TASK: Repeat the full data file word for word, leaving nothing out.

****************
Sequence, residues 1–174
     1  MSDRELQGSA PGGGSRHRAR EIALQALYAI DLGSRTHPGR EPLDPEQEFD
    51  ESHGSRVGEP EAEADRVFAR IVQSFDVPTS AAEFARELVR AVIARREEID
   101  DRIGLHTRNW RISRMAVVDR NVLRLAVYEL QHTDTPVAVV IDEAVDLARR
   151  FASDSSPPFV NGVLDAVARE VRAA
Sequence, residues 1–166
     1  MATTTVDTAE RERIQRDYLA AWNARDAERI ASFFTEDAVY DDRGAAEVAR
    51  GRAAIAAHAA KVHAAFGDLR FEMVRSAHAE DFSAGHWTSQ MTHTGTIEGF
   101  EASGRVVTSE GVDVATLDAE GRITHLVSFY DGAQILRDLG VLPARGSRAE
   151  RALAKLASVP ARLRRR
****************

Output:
Sequence, residues 1–174
     1  MSDRELQGSA PGGGSRHRAR EIALQALYAI DLGSRTHPGR EPLDPEQEFD
    51  ESHGSRVGEP EAEADRVFAR IVQSFDVPTS AAEFARELVR AVIARREEID
   101  DRIGLHTRNW RISRMAVVDR NVLRLAVYEL QHTDTPVAVV IDEAVDLARR
   151  FASDSSPPFV NGVLDAVARE VRAA
Sequence, residues 1–166
     1  MATTTVDTAE RERIQRDYLA AWNARDAERI ASFFTEDAVY DDRGAAEVAR
    51  GRAAIAAHAA KVHAAFGDLR FEMVRSAHAE DFSAGHWTSQ MTHTGTIEGF
   101  EASGRVVTSE GVDVATLDAE GRITHLVSFY DGAQILRDLG VLPARGSRAE
   151  RALAKLASVP ARLRRR